I Just Lived Through the Invasion of San Francisco by Electronic Scooters. Portland, You Have No Idea What You’re In For.

“I ride my bike to work, and they’re just all over the bike lane. People are riding the wrong way with headphones in their ears.”

A rental scooter left on the San Francisco sidewalk. (Dan Brekke / KQED)

Everything seemed so normal the day the motorized scooters came to my town.

What I remember from that March morning: walking out of my apartment in San Francisco's SoMa neighborhood and seeing a scooter lying abandoned on a street corner.

Then I started noticing them everywhere. Nestled snugly against apartment buildings and grocery stores. At bus stops, on the Metro, slung over a shoulder.

(Michelle Wiley)

"Yeah, it was like…overnight! They just suddenly appeared," says Alex Sorensen, who works as a barista in SoMa. "I ride my bike to work, and they're just all over the bike lane. People are riding the wrong way with headphones in their ears."

There's a moment in every zombie apocalypse thriller when the world gets quiet. It's right before the hysteria descends.

Portland is in this moment. San Francisco was once, too—three months ago.

The Bay Area is now consumed by electronic scooters. Think little kids' scooters—the handlebar-equipped training wheels before you graduate to skateboards—but with 250-watt motors. Estimates of how many were deposited on San Francisco streets range wildly, from 2,000 to 4,000, all of them appearing virtually overnight.

Last week, Portland transportation officials announced they're planning to introduce a four-month pilot program for the dockless scooters later this summer. Officials have also emphasized that the pilot program in no way guarantees the scooters will stick around.

That may be true. But take it from me, somebody who has lived through San Francisco's scooter madness: This is the single most divisive thing to hit Silicon Valley since the Google Bus.

Another former Portlander, Nigel Duara of Vice News, took a look at San Francisco's scooter nightmare last month:

Hillary Martin, a student at the California College of the Arts, says the scooters initially didn't bother her. "They seemed like a good way to get around town," she says. "But then over time, I realized these are really inconveniently placed. They're just taking up space on sidewalks!"

The first wave of the invasion came from California-based startups like Bird, Spin and LimeBike. These tech companies advertise cheap, simple and environment-saving transportation.

Much like the introduction of Uber on Portland's streets in 2014, the scooters arrived without any approval or guidance from city officials.

Since the scooters are dockless, they can be locked and dropped off at any location, including the middle of the sidewalk, in the roadway, leaned up against cars or lying in the bushes. That makes them tough to navigate for people using wheelchairs or strollers.

The scooters are virtually silent and can go up to 15 mph. They outpace most bicycles and are difficult to hear coming until they're already upon you.

(Michelle Wiley)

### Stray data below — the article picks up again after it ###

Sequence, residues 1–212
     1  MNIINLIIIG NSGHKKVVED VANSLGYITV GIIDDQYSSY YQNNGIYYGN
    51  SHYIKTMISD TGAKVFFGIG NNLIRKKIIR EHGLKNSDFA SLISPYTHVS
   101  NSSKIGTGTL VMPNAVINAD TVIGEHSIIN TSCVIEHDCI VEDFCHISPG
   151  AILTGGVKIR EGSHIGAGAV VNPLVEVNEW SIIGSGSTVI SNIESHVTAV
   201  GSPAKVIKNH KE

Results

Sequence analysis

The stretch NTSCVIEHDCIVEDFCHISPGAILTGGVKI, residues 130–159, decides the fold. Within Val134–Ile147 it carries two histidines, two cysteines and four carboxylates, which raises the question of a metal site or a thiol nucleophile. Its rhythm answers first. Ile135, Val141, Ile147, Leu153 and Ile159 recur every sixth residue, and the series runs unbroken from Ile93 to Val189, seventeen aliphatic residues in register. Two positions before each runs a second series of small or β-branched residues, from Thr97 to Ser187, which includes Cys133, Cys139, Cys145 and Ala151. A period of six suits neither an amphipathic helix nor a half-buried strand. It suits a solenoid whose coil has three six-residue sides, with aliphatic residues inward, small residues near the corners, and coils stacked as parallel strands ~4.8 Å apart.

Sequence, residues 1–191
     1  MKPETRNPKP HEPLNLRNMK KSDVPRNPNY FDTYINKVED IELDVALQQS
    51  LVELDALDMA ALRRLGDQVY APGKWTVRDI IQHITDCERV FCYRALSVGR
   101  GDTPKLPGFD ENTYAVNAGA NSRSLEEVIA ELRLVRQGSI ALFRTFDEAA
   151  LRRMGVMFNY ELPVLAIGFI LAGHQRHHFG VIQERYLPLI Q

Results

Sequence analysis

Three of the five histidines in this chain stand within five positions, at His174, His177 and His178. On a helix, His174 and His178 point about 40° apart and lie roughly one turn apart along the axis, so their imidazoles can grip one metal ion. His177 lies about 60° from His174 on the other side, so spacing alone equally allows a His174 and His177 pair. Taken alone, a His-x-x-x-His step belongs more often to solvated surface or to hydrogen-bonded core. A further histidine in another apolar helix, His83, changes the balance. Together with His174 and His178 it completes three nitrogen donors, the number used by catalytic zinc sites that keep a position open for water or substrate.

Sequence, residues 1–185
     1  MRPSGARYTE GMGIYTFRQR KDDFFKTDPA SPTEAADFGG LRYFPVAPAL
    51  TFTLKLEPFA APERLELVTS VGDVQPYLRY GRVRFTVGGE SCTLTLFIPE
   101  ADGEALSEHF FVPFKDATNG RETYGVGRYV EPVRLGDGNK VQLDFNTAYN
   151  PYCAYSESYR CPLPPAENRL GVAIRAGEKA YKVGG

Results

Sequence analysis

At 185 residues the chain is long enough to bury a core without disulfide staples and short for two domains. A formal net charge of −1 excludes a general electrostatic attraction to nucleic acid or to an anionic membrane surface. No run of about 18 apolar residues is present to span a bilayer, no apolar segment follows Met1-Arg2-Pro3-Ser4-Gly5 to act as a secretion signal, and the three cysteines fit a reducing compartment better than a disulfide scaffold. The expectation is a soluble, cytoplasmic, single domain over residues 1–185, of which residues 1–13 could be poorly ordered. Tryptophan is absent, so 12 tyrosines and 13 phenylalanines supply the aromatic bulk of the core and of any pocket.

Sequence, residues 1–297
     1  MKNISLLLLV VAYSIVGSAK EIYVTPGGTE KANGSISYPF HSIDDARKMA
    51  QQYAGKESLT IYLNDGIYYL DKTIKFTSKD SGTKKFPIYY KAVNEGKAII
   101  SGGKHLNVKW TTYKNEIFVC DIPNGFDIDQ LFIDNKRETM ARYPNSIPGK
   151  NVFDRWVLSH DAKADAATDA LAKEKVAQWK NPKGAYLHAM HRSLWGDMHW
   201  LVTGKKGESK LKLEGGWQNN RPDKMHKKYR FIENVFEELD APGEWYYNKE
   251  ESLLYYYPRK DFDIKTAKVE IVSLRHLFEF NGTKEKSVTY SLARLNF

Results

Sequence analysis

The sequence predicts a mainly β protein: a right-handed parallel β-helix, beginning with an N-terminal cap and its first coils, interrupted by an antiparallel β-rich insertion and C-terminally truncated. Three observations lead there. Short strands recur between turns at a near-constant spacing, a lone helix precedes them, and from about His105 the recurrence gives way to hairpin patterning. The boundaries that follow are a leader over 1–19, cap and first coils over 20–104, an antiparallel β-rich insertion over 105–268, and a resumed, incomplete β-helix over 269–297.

It's not just the bike lanes. Because the scooters were first deposited on the sidewalks, users erroneously assumed it was legal to ride them on the sidewalks. (Portland officials say sidewalk riding will be outlawed.)

It's on the sidewalk where scooters become hazardous. People have tripped over scooters left outside their doorsteps. Others have been hit by riders cruising down the sidewalk.

And they seem to invite irresponsibility. Less than a week after the scooter invasion, I saw a scooter rider get hit by a car underneath an overpass near the Mission District. As police arrived on the scene, drunken scooter riders careened by without a care in the world.

(Michelle Wiley)

Former Portlander John Sepulvado—I work with him at a Bay Area public radio station—has a favorite example of how scooters seem to make people lose all sense.

"I was driving in downtown San Francisco when I saw two people start making a boxer stance. They were literally fighting over who was going to ride the scooter in that moment," says Sepulvado. "Like, grown dudes, fighting over a green and white scooter."

A backlash was predictable. I've seen people kick scooters over or deface them with graffiti and, on occasion, excrement. Others have just started stealing them—"hot wiring" the scooters by quite literally ripping out their motors—prompting companies to install ear-piercing alarms that sing outside your stoop for hours.

Disgruntled residents have thrown scooters into garbage cans and Oakland's Lake Merritt. Last week, around 60 tenants' rights activists blocked nine tech buses carrying Google employees to the Silicon Valley campus with a scooter blockade.

They claim the scooters are a symbol of "techsploitation" and gentrification in the city. And that's a common refrain here: Scooters go hand in hand with tech transplants who don't care about who they inconvenience or run over.

If I recall correctly, Portland has its own issues to work out on that front. In some ways, scooters are the least of the problem. Maybe Portland, with its tighter regulations and companies that have pledged to work with City Hall, will find the little machines fit in better.

Good luck with that. And look out behind you.

Michelle Wiley is a reporter for KQED in San Francisco and former news writer for XRAY.FM.

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